When good luck falls in your lap, let it. Even if it weighs 260 pounds.
The Detroit Lions need a pass rusher? Aidan Hutchinson is a pass rusher.
The Lions needed a guy who can play right away? Hutchinson is considered the most NFL-ready player in the draft. The Lions needed a guy who can change a game’s direction, as in quarterback sacks and pressures? That’s what Hutchinson gives you: quarterback sacks and pressures.
Honestly, all the Lions had to do with their No. 2 pick was fly a paper airplane up to the podium and let Roger Goodell read two words: “Yes, please.”
And good for that. Because, let’s be honest, the Lions have a history of fumbling drafts when they get too complicated. And an hour later, they got complicated.
But Thursday night, Detroit’s first pick was a no-brainer. Hutchinson, the player many long believed would be the No. 1 overall selection, was available at No. 2 because the Jacksonville Jaguars went with Travon Walker from Georgia instead.
Walker, also a defensive end, had become a rising stock. He wasn’t a top-10 whisper two months ago, but a good combine and good chatter nudged him higher and higher. This happens at drafts. And the Jags went for it.
Maybe he turns out to be more explosive than Hutchinson. Maybe he doesn’t. But in certain ways, the Jags did the Lions a favor by taking him. Had they plucked Hutchinson instead, Detroit’s brass would be relying on instinct, prediction and upside talk in choosing Walker or one of the other potential choices, including Kayvon Thibodeaux from Oregon and a couple of starry cornerbacks, Sauce Gardner from Cincinnati or Derek Stingley Jr. from LSU. And can you imagine the second guessing and head banging those picks might have caused?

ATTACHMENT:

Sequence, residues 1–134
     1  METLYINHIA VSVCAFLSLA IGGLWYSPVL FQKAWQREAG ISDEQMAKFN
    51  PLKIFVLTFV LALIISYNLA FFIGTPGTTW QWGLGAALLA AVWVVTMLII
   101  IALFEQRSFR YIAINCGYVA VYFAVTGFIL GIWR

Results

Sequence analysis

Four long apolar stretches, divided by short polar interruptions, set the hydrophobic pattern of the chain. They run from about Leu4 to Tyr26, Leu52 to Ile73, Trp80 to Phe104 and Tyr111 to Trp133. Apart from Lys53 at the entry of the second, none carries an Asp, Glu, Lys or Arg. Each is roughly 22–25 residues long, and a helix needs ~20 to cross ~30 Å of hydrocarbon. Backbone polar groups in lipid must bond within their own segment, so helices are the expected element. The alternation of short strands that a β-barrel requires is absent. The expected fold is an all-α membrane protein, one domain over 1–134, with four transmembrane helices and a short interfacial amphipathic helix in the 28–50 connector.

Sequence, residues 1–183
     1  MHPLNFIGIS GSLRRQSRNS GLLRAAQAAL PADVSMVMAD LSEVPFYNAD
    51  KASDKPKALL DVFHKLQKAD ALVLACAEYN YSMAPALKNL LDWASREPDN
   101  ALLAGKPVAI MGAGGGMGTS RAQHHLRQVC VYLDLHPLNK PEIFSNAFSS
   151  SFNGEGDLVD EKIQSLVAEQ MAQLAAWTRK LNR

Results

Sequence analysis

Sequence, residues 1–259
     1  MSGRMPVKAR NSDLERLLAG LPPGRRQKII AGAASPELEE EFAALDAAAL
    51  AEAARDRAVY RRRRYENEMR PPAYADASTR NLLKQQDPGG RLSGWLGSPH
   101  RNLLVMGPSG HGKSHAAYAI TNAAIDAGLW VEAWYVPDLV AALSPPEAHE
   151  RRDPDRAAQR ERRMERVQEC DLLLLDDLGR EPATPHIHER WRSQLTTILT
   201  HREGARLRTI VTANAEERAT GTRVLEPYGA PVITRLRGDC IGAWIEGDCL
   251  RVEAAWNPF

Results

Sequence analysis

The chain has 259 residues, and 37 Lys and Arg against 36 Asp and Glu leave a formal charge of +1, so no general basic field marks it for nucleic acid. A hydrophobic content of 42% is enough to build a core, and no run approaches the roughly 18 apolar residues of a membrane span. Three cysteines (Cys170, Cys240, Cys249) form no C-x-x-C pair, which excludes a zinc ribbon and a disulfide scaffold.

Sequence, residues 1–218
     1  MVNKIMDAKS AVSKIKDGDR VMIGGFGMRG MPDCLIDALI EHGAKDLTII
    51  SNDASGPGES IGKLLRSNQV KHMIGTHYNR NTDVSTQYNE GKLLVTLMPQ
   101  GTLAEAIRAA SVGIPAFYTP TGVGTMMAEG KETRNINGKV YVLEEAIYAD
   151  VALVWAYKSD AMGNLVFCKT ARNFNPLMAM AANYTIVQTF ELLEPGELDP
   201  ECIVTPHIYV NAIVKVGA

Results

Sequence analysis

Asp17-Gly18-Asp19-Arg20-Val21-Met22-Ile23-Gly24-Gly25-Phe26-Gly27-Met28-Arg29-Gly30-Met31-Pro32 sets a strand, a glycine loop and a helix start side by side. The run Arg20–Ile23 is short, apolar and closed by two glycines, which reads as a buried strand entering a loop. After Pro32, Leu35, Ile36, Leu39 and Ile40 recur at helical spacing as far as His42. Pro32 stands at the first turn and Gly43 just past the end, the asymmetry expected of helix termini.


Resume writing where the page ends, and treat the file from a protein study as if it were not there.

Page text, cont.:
Instead, need met pick, pick met need, and this was about as difficult as letting water go down the drain.
Hutch in, son.
Williams worth the risk?
But then things changed. Eleven picks into the night, a trade was announced. And the Lions had made it! They had shipped their second, third and fourth picks in the draft (Nos. 32, 34 and 66) to Minnesota for the No. 12 pick and a middle second-round pick. Detroit fans held their breath. The Lions don’t do this. What the heck? A trade? No. 12?
Some thought quarterback. That’s what aggressive moves like this are for, right? A quarterback? Except what quarterback? There wasn’t a single passer rated this high. Why give away three picks for two if you’re not trying to steal a quarterback?
The answer, it turned it, was to steal a receiver. Yep. Alabama’s Jameson Williams, arguably the fastest and likely the top receiver in the draft had he not torn his ACL in the national championship game, was suddenly coming to Detroit.